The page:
Muskogee police are investigating an incident last Tuesday in the Hilldale football locker room where one varsity player was allegedly held down by several other players and fingers were inserted into his anus, according to multiple sources, who asked to not be named for fear of reprisals.

Erik Puckett, the superintendent at Hilldale, acknowledged that there was an incident, that police are investigating, but would not provide or confirm any other details, citing student privacy.

The victim is a varsity football player. His mother did not respond to phone calls for comment.

Several football players have been kicked off the team and out of school, one faculty source said, but Puckett would neither confirm nor deny that.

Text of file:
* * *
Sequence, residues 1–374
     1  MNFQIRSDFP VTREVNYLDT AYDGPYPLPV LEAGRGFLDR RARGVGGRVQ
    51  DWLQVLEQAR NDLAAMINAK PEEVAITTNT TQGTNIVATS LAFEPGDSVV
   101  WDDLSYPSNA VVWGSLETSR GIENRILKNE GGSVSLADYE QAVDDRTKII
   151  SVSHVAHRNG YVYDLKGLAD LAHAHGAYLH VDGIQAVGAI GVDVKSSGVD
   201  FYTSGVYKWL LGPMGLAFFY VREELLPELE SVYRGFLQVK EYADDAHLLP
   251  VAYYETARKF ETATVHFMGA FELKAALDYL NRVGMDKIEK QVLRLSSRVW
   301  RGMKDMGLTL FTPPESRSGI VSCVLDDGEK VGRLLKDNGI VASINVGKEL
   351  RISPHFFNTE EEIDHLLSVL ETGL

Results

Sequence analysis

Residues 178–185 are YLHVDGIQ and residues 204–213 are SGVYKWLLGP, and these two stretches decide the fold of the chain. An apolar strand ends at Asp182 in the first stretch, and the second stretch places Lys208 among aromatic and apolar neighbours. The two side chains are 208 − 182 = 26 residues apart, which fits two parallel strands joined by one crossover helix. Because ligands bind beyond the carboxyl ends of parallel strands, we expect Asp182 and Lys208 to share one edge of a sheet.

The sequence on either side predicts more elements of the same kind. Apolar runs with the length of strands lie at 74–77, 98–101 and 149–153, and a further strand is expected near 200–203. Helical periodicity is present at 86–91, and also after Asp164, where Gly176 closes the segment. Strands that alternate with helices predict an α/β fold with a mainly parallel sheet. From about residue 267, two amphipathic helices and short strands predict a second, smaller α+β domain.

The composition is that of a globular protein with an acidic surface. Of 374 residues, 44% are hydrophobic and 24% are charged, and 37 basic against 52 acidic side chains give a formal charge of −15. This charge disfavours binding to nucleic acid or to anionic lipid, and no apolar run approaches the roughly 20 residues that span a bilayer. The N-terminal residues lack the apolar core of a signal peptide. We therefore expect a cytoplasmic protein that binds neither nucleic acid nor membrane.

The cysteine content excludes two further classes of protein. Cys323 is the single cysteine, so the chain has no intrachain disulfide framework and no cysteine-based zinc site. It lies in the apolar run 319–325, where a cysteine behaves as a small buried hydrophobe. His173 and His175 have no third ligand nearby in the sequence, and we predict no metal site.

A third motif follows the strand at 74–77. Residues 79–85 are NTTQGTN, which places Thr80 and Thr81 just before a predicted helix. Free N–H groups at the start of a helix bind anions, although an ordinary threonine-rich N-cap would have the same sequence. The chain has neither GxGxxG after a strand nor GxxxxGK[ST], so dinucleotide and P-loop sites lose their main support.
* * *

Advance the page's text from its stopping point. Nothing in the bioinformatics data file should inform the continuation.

Police Spokeswoman Lynn Hamlin has not yet returned messages for comment.

UPDATE 12:13 P.M.: Muskogee Police just released the following information:

On 10/21/2020, a school resource officer at Hilldale High School was contacted in reference to an incident that took place in the boy’s locker room on 10/20/2020. Due to the parties involved being juveniles no names will be released.

A report was taken and this incident is being investigated at this time.

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Friday, October 23, 2020, 8:37 AM

Gage Ford

Gage Ford, 21, of Muskogee is charged in Cleveland County District Court of two felony counts in a case where he is accused of beating his 19-year-old pregnant girlfriend and threatening to kill himself, according to documents filed with the case.